Training your cat to use a scratching post

Training your cat to use a scratching post
8 August 2016 Margaret Brittan

This blog post is sponsored by Online betting

My friends have just adopted a cat called Crunchie Biscuit. She is absolutely gorgeous (as you can see from above!) and has a feisty character just to suit my friends’ calm a relaxed personalities. Settling in well and making herself feel right at home, Crunchie Biscuit is getting on fabulously however there is one thing that she is getting too familiar with their curtains.

She is addicted to scratching and clawing their curtains. Sinking her sharp claws into the fabric, she loves using them as her own personal theraband to give her that wanted and needed stretch- but why can’t she use the scratching post!?

Well, I went on a mission to try and find out why and what you can do as a cat owner to encourage your kitty, however old, to use their scratching post instead of your beloved Chesterton sofa or your decorative Laura Ashley curtains.


Why cats love a good scratch

Despite us thinking that our cats like to remodel our home out of sheer spite, or because we haven’t provided a whole tuna fish for dinner, the actual reason why our cats love a good scratch is totally different.

Cats scratch objects in their environment for many reasons:

  • To remove the dead outer layer of their claws
  • To mark their territory by leaving both a visual mark and a scent (they have scent glands on their paws)
  • To stretch their bodies and flex their feet and claws

Our goal shouldn’t be to try and stop them from scratching entirely, moreover we want them to ‘relocate’ their scratching somewhere else.


Cats’ favourite things to scratch

Most cats are attracted to anything with a nubby, coarse or textured surface, or something they can really sink their claws into. Thick curtains, sofas and wicker furniture can quickly become cats favourite scratching spots.


It’s scratching time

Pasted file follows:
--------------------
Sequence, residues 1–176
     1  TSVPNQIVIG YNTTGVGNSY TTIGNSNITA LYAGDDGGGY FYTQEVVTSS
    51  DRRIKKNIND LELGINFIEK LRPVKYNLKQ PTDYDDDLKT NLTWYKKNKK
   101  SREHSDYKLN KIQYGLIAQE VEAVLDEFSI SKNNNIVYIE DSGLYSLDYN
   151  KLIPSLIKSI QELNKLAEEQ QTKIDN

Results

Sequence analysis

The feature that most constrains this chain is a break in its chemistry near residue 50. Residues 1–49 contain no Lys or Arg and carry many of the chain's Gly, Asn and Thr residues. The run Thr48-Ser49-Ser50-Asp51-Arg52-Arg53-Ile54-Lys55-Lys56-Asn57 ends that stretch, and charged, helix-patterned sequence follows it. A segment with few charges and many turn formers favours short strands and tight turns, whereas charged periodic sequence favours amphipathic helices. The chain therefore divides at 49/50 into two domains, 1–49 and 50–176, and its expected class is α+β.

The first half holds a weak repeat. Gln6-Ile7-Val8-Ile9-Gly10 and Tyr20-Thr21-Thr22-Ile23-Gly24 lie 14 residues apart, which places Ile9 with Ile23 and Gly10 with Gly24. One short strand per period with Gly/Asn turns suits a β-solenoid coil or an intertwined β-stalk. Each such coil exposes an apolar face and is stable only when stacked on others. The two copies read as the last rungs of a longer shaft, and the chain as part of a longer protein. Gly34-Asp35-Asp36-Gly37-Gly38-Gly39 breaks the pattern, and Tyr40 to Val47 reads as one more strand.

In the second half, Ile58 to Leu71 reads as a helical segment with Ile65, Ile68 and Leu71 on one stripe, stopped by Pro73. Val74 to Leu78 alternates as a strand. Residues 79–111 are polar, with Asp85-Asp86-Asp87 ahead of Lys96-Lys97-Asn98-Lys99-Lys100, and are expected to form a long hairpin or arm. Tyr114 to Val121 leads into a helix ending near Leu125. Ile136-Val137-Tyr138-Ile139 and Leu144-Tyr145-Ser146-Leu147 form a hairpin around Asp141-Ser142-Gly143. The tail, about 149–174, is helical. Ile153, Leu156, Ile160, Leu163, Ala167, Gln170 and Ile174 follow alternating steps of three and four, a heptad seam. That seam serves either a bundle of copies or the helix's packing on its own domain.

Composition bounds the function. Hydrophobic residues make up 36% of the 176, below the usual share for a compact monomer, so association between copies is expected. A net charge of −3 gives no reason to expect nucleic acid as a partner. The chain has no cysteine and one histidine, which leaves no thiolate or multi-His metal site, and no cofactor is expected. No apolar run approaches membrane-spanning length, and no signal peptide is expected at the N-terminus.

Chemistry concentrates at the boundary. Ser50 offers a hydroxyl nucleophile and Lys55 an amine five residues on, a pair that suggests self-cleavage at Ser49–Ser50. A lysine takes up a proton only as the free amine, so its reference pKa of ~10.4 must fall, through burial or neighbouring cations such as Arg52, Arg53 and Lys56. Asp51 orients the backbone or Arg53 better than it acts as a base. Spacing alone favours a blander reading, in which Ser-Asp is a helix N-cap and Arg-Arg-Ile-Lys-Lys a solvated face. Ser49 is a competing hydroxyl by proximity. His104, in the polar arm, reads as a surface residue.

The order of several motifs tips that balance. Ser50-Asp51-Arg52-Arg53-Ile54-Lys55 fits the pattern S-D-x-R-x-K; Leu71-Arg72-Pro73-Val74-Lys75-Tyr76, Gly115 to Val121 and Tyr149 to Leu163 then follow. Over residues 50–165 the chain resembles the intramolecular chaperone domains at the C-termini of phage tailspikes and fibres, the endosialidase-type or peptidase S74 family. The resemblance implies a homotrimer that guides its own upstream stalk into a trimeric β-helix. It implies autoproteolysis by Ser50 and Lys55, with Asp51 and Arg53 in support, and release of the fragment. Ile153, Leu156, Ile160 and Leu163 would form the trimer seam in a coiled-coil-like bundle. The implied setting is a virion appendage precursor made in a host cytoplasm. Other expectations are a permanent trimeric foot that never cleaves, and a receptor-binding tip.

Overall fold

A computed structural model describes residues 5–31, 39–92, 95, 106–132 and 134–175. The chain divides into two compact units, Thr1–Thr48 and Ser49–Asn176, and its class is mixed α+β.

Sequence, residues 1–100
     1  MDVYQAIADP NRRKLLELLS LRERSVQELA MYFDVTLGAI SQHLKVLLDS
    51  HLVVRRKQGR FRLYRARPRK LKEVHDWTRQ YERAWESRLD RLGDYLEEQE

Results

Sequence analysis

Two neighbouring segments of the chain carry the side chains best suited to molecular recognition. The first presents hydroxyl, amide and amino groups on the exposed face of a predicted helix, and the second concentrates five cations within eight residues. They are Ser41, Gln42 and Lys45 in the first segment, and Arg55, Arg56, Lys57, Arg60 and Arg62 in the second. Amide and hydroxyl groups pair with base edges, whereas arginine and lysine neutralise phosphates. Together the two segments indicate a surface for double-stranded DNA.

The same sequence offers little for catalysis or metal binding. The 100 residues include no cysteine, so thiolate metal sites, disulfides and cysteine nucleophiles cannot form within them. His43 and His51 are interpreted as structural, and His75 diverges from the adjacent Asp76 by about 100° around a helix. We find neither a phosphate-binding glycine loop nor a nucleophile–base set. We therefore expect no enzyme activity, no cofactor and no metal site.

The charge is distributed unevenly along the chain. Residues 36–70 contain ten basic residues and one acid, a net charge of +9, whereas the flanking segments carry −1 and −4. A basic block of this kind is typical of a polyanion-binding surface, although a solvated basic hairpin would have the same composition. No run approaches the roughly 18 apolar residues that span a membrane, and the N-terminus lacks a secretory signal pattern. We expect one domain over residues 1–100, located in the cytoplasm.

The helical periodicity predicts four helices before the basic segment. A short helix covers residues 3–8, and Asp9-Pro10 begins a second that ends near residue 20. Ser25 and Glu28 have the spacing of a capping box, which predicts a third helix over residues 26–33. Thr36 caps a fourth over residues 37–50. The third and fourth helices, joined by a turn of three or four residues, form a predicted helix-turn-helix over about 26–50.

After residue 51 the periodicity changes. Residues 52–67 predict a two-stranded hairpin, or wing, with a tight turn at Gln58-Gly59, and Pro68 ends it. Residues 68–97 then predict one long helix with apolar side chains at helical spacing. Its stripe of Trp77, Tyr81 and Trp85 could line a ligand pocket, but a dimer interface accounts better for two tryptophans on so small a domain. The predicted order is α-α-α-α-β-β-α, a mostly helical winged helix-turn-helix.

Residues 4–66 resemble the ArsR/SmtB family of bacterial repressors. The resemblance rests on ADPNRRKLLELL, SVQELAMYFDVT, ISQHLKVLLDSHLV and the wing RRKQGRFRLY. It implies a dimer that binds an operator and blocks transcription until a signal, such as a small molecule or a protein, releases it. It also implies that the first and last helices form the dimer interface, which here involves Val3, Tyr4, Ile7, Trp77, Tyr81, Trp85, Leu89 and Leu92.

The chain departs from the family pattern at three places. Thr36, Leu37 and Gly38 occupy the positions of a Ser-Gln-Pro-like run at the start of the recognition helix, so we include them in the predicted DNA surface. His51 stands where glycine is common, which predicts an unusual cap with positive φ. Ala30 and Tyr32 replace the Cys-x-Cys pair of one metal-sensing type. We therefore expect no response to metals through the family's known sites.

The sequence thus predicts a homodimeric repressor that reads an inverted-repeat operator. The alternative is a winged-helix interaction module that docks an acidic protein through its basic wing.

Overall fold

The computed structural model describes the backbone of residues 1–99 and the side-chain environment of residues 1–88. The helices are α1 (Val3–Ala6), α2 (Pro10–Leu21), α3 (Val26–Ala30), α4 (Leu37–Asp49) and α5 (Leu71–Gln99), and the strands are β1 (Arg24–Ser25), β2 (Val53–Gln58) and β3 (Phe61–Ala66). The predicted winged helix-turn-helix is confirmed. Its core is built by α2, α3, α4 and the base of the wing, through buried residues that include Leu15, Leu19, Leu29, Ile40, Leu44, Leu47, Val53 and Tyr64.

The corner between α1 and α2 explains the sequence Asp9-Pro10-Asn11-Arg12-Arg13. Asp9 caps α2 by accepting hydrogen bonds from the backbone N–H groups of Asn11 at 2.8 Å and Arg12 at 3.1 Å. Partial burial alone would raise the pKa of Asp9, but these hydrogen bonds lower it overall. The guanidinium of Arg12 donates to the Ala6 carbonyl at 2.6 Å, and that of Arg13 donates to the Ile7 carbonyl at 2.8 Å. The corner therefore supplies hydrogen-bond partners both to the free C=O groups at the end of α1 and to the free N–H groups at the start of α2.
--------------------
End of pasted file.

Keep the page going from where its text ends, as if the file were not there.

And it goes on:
Cats scratch they wake up from a nap, when they want to mark their territory or when they’re excited about something, like you coming home from work.


The cat scratching solution

The first thing you can do is make the your cats’ favourite scratching spots a little more unpleasant and unattractive.

  • Many cats don’t like the odour of citrus or menthol. Try attaching cotton balls soaked in cologne or a muscle rub to the places you want them to leave alone
  • Cats love texture so covering the off-limits spots with things your cat will find unappealing on its paws, like double-sided sticky tape, aluminium foil or sheets of sandpaper
  • You could purchase a water spray and squiff a little water on your cat each time it approaches the scratching area- this way they will soon associate that area as a no go area! Clapping your hands loudly or shaking a can of pennies works too- you want to associate ‘sofa bad, post good’ with your cat.


PLEASE NOTE: NEVER YELL OR HIT YOUR CAT AS PUNISHMENT. They won’t know what they did wrong and could learn to fear you, which you’d never want.


Whilst you are trying out the above techniques, you can have your scratching post working its magic in the background by simply having it around.

You can help your kitty along with seeing it as a good scratching area by popping it in convenient areas of the house, such as next to their sleeping spot so that they can enjoy using it after a nap for a nice stretch, or by the front door for an intense session after they greet you when you come home.


The perfect scratching post

Here are a few ideas on what type of post to get and what you can do to make it attractive to scratch.

  • A sturdy, rope-covered upright post
  • A flat scratch pad of corrugated cardboard
  • The back side of a carpet square
  • The back side of a carpet square
  • a small log with bark (make sure it hasn’t been treated with harmful chemicals before bringing it inside)

A scratching object can be free-standing, lie on the floor or hang from a doorknob. Experiment to find out what your cat prefers or, even better, provide a variety of scratching objects in different places and positions. Rub a little catnip into the post or attach a toy to the top to make it even more attractive.

Hopefully these handy hints will be saving sofas everywhere and curtailing curtain clawing. And for my friends’ cat Crunchie Biscuit – she better be ready as those curtains will soon be smelling like a menthol monster.

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